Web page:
OHE presented at the Global AMR R&D Hub Board of Members Meeting in Paris, on adapting HTA and payment mechanisms to incentivise new drugs to tackle AMR. This presentation was based on research by OHE, funded by the Wellcome Trust.
A new OHE Research Paper summarises the findings of a project funded by the Wellcome Trust on innovative HTA methods and contracting for antibiotics. The paper provides an overview of the current state of HTA and contracting for antibiotics in five European countries, reviews recent proposals in the literature for revising HTA approaches and explores the associated implementation opportunities and challenges.
The Trump Administration proposed an International Pricing Index for reimbursing physician-administered Medicare drugs. A conservative thought leader proposed a different basket of 'market-oriented' countries. These differ markedly from the U.S. Their governments have a central role in medicines purchase, in contrast to U.S. reliance on private markets.
This research by a team of OHE and IHE researchers estimates the value added by second generation antipsychotics over their life-cycle in the UK and Sweden. It concludes that considering the entire life-cycle, the value added by SGAs to the system is higher than the expected value estimated at launch. P&R decisions should consider the value added by medicines over the long-run.
At the recent ISPOR Annual Conference, OHE’s Chief Executive, Professor Graham Cookson announced a new programme of work on Value 2.0: Assessing the Value of US Healthcare to be funded by PhRMA. Graham was joined by the Innovation and Value Institute’s Executive Director Jenn Bright, and Harvard Medical School Professor Bapu Jena.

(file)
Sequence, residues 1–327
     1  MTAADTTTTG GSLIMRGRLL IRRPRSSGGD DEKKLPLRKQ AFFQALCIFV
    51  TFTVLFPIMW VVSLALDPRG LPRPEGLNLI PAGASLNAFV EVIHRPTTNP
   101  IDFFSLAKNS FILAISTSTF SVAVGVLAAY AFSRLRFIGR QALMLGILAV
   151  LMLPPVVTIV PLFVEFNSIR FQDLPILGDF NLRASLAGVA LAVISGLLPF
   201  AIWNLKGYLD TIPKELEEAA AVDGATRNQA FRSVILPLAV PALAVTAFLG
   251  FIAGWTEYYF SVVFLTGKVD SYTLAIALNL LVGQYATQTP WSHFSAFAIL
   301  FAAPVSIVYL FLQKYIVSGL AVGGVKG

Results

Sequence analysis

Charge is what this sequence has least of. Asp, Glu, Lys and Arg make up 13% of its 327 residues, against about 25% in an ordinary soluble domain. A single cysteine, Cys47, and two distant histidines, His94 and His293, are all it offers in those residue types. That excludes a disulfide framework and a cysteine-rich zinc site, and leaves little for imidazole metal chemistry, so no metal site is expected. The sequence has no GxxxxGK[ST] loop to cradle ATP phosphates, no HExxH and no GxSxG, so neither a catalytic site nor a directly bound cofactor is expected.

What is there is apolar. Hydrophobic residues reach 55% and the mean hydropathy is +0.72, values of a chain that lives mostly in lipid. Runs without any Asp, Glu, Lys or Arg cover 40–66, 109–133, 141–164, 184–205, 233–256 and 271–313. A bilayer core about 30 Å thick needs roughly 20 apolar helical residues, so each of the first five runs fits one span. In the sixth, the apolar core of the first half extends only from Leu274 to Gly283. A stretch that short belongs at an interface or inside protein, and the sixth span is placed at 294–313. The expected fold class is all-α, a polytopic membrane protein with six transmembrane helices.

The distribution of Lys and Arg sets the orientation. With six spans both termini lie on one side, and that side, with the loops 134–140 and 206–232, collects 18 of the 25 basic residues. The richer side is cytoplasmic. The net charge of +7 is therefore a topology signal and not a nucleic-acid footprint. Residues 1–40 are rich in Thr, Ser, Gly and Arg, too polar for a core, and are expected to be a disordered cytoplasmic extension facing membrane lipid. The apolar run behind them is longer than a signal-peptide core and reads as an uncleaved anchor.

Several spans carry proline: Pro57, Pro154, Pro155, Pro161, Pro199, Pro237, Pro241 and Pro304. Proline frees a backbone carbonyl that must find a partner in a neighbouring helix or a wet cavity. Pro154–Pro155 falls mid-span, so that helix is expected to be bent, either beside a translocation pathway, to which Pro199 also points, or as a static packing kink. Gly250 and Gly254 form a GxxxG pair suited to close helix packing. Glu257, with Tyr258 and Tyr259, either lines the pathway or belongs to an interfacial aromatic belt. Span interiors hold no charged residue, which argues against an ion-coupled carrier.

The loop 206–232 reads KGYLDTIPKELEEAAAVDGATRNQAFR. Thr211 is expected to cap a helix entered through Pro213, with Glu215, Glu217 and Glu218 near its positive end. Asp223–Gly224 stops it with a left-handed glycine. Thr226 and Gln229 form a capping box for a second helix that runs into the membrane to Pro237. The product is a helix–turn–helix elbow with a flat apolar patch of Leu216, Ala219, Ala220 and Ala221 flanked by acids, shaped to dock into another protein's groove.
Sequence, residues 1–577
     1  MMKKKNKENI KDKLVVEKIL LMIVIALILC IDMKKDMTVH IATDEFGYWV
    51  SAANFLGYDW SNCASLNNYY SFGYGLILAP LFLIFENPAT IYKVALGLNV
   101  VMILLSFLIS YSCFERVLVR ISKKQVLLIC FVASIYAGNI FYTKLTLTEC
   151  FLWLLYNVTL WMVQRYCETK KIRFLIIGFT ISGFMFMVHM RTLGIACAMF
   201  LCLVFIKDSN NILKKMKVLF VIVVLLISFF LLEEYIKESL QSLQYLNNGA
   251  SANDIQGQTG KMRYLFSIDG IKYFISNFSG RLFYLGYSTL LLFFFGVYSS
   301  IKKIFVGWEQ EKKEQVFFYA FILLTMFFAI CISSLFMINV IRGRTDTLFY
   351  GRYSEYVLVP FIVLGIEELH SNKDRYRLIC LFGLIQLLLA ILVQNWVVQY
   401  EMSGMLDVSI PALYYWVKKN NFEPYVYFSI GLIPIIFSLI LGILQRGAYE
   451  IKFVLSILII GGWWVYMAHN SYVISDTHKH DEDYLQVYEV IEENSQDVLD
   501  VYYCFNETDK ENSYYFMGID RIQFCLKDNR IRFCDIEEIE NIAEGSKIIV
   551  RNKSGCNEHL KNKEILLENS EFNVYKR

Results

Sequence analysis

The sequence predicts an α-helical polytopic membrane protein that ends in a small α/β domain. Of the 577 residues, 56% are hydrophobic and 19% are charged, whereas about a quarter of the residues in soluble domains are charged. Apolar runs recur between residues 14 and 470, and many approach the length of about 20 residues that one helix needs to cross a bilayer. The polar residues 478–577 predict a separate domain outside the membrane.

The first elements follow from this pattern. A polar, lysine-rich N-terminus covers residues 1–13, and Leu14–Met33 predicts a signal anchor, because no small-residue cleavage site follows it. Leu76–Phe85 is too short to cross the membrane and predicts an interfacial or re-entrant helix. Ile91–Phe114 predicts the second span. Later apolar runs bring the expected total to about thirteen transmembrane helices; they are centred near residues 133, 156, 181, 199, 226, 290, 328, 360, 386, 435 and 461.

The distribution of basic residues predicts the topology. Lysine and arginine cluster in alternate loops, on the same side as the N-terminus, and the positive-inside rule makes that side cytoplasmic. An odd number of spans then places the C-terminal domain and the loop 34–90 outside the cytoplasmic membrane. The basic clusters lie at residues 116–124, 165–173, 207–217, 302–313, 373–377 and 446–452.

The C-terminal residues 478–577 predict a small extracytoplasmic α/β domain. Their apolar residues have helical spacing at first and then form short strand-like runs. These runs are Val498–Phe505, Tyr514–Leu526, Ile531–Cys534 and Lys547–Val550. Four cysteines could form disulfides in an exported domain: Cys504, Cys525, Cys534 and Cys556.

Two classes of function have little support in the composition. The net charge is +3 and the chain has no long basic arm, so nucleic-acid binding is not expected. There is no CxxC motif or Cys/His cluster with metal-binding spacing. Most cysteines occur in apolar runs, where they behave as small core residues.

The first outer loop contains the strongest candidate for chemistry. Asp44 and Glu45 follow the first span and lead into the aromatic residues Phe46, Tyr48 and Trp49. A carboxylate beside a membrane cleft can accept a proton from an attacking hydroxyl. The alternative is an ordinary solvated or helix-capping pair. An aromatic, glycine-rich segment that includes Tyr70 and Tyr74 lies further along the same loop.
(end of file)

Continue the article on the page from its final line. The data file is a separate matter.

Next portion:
A new OHE Research Paper reviews a recent report on cancer pricing published by the World Health Organization. The authors argue that the report fails to promote mechanisms that are key to efficient pricing and use of cancer medicines. The Research Paper outlines some for addressing these shortcomings.
Transparency as a principle of good governance is not the same as transparency for improving access by lowering prices. In fact, the former often carries an opportunity cost on the latter. Developing country markets are, however, dominated by generic products and encouraging competition through sharing prices makes sense if capacities are there to use the data to inform procurement decisions and protect against collusion.
Report does not recommend price transparency for on-patent medicines, but buyers should share multi-source product price data among themselves. Transparency of the procurement process encourages bidders. In many cases, referencing processes and institutions may be a safer bet than trying to copy each other’s prices.
Value-based pricing (VBP) is an efficient method for pricing new drugs. Rate of return pricing could, however, be useful in two cases: treatments for ultra-rare diseases, and ‘cures’ for conditions currently being treated at great expense. Rate of return pricing gives rise to challenges. Two are (i) finding proxy estimates of development costs including failures, and (ii) driving future research towards discovering high-value treatments.